12 January 2022 Back to Articles

How to Organise Startup Teams for Growth

Growing your startup beyond its founding team requires parallelising effort, maintaining your culture whilst growing, avoiding unhealthy competition between teams, ensuring each team knows what its role is, all whilst continuing to delight your customers. I'll show you how to structure your teams as you grow to avoid common pitfalls and set yourself up for success. up for success.

Product management  |  Culture  |  Startups  |  Growth

How do I best organize my team for growth?

This is a question I hear a lot, it’s usually accompanied by one or more of these symptoms.

  • Difficulty parallelising effort (e.g. adding multiple teams or people).
  • Cultural problems whilst growing (e.g. teams disliking new structures, staff churning).
  • Unhealthy frictions between sales and product (e.g. bickering, blaming, slow conversions).
  • Unhealthy competition between teams.
  • Lack of ownership within teams.
  • A product failing to delight..

What I learned (the hard way) about team structures

When I was scaling my startup from 25 to 150 people I encountered all of these problems. It took me about 18 months to diagnose and fix the underlying issues and our growth took far longer than that to recover.

We eventually solved the problems - leading to growth, far less stress for founders and teams, and a far better product.

In this article, I’m going to show you how to organise your team to make it easier to add layers of management, enable fast growth through parallelising your team’s efforts, and ensure that you deliver high-value products, on-time, to your customers.

Start with your leadership

As you grow your team, your startup needs to evolve its org structure. The vast majority of startups and businesses coalesce around the same organisational functions:

  • Line manager: someone who’s responsible for the personal development, wellbeing, and career development of the employee.
  • Squad leader: responsible for a cross-functional team’s mission. This might be a product manager or tech lead in a product team, a growth lead or a marketing manager in a growth team. This is also called a squad leader.
  • Guild master: responsible for the skills development of a particular skill set (e.g. React Native developers, growth marketers, product managers) and the integrity of cross-team functionality. Guilds are also called domains, tribes, service lines, and so on.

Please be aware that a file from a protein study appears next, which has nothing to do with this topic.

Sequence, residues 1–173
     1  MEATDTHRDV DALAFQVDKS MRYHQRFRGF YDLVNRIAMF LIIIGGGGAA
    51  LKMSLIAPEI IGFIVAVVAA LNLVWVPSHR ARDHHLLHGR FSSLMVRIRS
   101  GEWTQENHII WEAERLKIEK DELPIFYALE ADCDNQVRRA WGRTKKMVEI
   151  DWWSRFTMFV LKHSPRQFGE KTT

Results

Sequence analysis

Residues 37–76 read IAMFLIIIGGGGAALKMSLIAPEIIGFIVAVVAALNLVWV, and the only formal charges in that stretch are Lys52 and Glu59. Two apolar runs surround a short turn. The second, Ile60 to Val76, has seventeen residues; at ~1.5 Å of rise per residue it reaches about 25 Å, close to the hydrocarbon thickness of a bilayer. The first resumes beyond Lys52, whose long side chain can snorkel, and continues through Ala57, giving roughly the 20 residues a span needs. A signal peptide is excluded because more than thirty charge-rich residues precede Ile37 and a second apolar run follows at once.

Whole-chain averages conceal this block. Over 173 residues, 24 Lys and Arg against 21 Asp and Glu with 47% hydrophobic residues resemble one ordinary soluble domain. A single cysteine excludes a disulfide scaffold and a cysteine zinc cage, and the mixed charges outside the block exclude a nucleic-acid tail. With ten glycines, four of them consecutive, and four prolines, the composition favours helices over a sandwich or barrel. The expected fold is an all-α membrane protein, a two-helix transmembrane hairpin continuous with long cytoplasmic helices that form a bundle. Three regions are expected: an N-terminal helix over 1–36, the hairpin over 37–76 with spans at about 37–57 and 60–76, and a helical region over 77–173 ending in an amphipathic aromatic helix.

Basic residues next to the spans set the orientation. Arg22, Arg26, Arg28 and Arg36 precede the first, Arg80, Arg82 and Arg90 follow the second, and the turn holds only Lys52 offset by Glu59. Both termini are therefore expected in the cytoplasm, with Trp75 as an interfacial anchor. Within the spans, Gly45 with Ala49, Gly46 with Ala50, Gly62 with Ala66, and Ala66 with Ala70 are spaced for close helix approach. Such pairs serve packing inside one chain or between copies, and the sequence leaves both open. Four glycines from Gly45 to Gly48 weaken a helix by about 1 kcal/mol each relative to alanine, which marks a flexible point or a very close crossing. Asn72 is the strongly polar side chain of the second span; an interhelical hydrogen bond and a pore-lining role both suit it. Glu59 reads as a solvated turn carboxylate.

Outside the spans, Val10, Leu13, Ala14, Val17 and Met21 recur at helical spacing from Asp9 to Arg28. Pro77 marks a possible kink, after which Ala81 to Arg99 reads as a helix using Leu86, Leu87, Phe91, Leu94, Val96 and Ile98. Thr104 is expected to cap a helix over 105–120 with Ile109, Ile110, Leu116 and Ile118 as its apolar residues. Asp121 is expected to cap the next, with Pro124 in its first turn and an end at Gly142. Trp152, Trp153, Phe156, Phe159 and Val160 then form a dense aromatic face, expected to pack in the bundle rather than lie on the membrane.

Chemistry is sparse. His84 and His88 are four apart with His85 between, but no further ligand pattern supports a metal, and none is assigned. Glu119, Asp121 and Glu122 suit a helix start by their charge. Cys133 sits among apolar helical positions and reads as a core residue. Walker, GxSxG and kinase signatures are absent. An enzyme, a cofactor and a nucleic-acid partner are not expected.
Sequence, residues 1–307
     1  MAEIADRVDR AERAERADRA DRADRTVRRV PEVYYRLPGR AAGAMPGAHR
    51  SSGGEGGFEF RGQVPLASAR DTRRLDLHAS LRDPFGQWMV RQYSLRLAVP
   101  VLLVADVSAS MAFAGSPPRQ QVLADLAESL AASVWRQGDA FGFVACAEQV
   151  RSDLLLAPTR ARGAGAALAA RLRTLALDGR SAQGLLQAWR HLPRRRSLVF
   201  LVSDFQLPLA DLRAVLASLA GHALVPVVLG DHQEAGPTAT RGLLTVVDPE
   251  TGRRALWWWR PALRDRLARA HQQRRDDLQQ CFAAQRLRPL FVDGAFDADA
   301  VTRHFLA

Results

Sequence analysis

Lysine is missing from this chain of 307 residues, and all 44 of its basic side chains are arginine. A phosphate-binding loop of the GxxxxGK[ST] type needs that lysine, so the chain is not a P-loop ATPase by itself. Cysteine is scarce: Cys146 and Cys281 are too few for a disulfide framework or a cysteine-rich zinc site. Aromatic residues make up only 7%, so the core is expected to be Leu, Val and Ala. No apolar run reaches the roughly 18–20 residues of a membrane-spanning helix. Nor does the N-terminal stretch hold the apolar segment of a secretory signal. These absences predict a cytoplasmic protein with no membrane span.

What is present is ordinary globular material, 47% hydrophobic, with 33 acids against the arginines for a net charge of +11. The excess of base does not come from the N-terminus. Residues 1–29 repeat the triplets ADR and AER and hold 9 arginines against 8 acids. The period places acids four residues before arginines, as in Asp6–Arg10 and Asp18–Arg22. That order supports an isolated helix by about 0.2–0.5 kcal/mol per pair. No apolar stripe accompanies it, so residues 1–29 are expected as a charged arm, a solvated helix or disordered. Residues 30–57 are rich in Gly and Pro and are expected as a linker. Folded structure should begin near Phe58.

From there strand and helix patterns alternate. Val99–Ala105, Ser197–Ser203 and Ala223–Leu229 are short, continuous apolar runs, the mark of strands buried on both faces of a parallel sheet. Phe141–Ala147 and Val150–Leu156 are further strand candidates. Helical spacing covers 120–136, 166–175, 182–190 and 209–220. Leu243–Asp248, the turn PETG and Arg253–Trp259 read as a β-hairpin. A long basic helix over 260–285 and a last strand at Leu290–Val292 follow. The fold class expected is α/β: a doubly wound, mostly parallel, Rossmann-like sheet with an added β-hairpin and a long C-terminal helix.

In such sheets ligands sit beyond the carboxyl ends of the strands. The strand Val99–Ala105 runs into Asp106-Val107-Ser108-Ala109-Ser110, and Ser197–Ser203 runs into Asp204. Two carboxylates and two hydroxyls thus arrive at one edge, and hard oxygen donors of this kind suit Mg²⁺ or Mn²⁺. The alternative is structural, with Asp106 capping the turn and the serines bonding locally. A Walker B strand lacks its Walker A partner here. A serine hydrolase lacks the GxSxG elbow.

Let’s deep dive into each of these roles and their teams and find out how to make the structures work.

Line managers - developers of people

The purpose of a line manager is to enable the personal development, wellbeing and career development of a team member. The line manager usually has the call on firing under-performing team members, with inputs from their team lead.

Line managers make a particularly useful counterpoint to team leads. Team leads (e.g. growth manager, product manager) are typically focused on the outcomes of the team (running experiments to drive growth). They may be less focused on the well-being of the team member.

Image a particularly tough growth meeting or product strategy meeting, in which truths are spoken and data is dissected, leaving another member of the growth or product team feeling upset.

Growth and product meetings need to be direct and to the point. But people are people and particularly more junior team members might need picking up, listening to, occasionally consoling after tough meetings.

A good line manager will do this expertly.

Guild master - for skills and consistency

Your solutions architecture guild leader won’t allow code to go into production that could cause defects or threaten service quality. But she is also experienced enough to spot a quick, neccesery hack that delivers valuable learning but looks ugly, and allow it through.

Guilds have two goals. Firstly they maintain consistency of approach and learning across different teams or verticals.

For example, the data science guild will make sure that each squad implements the startup’s data science the right way; the design guild will ensure consistency of UI/UX across all parts of the app, and so on.